spending and caseload data to ensure comparability between the base year and the current year.

States may apply for funds for the upcoming quarter as much as a month in advance based on
“reasonable estimates” for caseloads and expenditure data, rather than having to wait for actual data at
the end of the quarter. If a jurisdiction submits an estimate of expenditures that is substantially higher
than previous levels, HHS requires it to explain the change it has made to the program that results in the
higher estimates. The jurisdiction must revise the estimates as actual data becomes available.

States also may apply for reimbursement for spending that has already occurred. The initial request for
a funding quarter must be submitted by September 1, 2010, so that HHS can obligate all emergency
funds before September 30, 2010, when the program expires.

 For additional information about the TANF Emergency Fund, visit CLASP’s resource page at:
 http://www.clasp.org/TANFEmergencyFund


Basic Assistance
This category covers cash, payments, vouchers, and other forms of benefits designed to meet a family’s
ongoing basic needs. Assistance may be provided in the basic TANF program or in a separate program
that serves a particular subgroup of families or a particular purpose and may have different eligibility
requirements. If individuals receive TANF-funded “assistance,” they are included in the TANF
participation rate calculation, subject to requirements that they cooperate with child support enforcement
and the five-year limit on federally funded benefits, and they must be included in data reports.
Ongoing assistance can be an essential support for a family escaping domestic violence, especially when
the victim has been dependent on the abuser’s income, or when safety concerns force a victim to stop
working temporarily. When Congress passed the 1996 law that created TANF, it considered the needs
of domestic violence survivors, including concerns that trying to meet TANF requirements could
jeopardize their safety. In response, Congress included the “Family Violence Option” (FVO) to
encourage TANF agencies to make appropriate accommodations for victims of domestic violence.
Specifically the FVO allows state TANF agencies to grant domestic violence survivors temporary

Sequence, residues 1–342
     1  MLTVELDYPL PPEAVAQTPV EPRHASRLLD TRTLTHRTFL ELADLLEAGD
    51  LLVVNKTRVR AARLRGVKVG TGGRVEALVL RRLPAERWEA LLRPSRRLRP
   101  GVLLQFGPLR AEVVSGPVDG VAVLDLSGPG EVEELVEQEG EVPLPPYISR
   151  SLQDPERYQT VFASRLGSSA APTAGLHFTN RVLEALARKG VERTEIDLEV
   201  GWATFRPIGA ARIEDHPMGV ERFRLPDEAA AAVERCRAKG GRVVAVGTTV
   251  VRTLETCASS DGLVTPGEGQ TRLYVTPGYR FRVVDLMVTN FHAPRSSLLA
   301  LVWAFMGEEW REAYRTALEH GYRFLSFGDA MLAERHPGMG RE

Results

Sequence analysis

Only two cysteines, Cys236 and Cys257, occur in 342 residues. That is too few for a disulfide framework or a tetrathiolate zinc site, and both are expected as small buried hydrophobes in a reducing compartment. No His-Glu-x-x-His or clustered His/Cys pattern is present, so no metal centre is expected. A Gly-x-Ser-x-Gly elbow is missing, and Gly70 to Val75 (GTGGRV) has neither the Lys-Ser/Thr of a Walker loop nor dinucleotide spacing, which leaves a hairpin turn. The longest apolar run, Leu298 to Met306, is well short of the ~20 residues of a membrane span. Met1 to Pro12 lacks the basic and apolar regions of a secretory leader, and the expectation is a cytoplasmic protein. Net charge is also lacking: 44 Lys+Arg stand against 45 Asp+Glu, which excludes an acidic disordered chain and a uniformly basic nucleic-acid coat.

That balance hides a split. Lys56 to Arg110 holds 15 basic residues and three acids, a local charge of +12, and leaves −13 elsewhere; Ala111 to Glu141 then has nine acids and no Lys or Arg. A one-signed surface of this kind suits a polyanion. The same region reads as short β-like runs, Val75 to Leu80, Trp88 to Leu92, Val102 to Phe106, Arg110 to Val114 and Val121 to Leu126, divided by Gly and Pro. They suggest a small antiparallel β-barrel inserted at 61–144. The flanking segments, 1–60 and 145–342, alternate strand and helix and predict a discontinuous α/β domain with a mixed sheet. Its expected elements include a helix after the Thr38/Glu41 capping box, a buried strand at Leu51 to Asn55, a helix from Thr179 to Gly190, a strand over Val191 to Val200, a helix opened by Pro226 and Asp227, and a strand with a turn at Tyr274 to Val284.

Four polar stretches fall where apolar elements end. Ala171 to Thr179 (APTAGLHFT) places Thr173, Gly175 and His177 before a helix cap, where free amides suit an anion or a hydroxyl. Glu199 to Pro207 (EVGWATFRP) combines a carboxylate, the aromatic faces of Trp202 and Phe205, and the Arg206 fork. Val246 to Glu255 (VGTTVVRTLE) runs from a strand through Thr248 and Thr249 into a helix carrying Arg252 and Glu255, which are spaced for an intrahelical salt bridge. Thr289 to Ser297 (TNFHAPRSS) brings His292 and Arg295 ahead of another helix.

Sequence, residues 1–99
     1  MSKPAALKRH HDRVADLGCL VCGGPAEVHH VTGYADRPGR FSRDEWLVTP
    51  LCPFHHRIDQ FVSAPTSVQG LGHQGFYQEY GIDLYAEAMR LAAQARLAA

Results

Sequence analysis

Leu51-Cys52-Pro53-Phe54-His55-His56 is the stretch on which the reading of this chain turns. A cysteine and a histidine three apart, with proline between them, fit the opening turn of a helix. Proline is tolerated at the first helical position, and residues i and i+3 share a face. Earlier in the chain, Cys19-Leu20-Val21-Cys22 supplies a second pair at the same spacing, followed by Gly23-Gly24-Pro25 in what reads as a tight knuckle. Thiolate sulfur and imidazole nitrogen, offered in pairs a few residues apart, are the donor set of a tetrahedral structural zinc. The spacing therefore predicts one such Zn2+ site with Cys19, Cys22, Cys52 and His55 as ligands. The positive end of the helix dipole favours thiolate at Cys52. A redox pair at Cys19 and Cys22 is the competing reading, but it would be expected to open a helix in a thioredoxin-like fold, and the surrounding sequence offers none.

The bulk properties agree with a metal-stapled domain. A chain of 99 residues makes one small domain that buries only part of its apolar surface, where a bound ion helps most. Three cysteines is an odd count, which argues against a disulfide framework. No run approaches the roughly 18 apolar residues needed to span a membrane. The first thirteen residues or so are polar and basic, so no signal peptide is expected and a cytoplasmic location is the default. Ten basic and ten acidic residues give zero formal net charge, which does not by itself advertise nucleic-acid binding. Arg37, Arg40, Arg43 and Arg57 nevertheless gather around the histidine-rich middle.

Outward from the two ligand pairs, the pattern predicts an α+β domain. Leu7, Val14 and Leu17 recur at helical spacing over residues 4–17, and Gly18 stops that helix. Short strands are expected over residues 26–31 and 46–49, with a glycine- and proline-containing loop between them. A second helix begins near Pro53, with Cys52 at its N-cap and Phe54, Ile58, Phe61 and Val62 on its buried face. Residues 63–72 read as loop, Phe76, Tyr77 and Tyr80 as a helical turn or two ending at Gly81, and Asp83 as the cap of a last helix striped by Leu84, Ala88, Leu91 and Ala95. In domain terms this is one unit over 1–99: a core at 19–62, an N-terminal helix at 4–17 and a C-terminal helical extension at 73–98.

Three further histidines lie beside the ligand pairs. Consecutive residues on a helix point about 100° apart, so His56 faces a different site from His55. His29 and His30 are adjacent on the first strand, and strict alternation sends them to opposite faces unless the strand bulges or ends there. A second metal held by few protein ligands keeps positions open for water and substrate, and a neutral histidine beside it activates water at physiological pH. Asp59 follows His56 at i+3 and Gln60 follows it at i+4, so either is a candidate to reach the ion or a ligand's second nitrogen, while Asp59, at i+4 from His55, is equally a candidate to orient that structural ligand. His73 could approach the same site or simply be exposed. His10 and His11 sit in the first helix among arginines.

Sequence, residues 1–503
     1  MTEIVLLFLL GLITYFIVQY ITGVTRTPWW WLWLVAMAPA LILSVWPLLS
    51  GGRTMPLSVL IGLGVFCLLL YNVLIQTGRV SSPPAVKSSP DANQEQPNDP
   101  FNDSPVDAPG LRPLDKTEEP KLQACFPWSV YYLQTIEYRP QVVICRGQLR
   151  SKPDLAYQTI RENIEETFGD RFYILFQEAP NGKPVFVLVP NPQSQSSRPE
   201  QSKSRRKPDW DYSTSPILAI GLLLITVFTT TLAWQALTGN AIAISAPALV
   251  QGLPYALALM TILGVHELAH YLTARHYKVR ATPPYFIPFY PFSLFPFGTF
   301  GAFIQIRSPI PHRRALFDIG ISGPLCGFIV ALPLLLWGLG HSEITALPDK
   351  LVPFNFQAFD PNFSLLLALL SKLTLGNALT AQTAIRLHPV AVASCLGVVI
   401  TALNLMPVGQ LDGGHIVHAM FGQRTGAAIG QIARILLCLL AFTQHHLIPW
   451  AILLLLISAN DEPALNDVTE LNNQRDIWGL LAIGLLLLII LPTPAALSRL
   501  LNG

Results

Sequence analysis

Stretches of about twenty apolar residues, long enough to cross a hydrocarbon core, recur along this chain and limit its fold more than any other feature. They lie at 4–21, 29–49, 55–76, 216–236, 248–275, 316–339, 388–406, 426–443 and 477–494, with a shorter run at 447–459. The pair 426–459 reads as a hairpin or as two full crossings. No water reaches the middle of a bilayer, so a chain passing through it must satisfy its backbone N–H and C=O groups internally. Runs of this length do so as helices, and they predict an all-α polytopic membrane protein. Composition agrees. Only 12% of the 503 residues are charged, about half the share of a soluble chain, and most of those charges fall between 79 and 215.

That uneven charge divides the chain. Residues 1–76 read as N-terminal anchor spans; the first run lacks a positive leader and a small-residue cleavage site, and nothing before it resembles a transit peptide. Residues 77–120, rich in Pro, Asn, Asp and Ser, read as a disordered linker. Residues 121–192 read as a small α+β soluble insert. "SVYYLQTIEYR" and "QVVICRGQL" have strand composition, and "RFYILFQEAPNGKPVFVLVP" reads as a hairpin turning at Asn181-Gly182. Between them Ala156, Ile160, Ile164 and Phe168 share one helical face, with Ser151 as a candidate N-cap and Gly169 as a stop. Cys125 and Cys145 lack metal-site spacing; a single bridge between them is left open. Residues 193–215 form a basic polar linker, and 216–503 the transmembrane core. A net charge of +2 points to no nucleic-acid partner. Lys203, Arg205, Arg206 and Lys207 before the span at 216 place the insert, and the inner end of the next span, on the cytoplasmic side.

waivers or exemptions from TANF participation requirements and waive time limits. However, while
nearly all states have formally adopted the FVO (and the others have adopted similar policies), very few
TANF clients disclose domestic violence to their caseworkers, request a FVO waiver or exemption, or
use DV victim services. v One possible explanation is that as states impose more and more pre-
application requirements, survivors of domestic violence may never learn of possible exemptions or
waivers and may be discouraged from applying in the first place.

The existence of the Emergency Fund to cover increases in assistance costs, and the Administration
for Children and Families’ recent issuance of a Program Instruction that reminds state TANF agencies of
the ability to use TANF and MOE funds to serve victims of domestic violence, vi thus creates an
opportunity for domestic violence service providers and advocates to re-engage with TANF agencies.
Agencies should evaluate their pre-application requirements and make sure that potential applicants are
informed of the availability of waivers or exemptions when needed to ensure participants’ safety. They
should also consider strengthening collaborative outreach efforts, including assisting shelter residents
more easily and safely to access TANF benefits.


 For technical assistance on best practices for serving domestic violence survivors under TANF, contact
 the National Resource Center on Domestic Violence (NRCDV) at 800-537-2238 ext. 5 or
 nrcdv@pcadv.org.

Emergency housing or food can count as short-term non-recurrent benefits under the Emergency Fund,
as discussed below, but if housing subsidies or food assistance are provided for more than four months,
or in response to an ongoing need rather than a specific crisis situation, they count as “assistance” and
trigger all TANF requirements associated with assistance. Because of changes made by the Deficit
Reduction Act of 2005, the work requirements and data collection provisions apply to assistance
provided with funds claimed toward the MOE requirement, even if segregated from federal TANF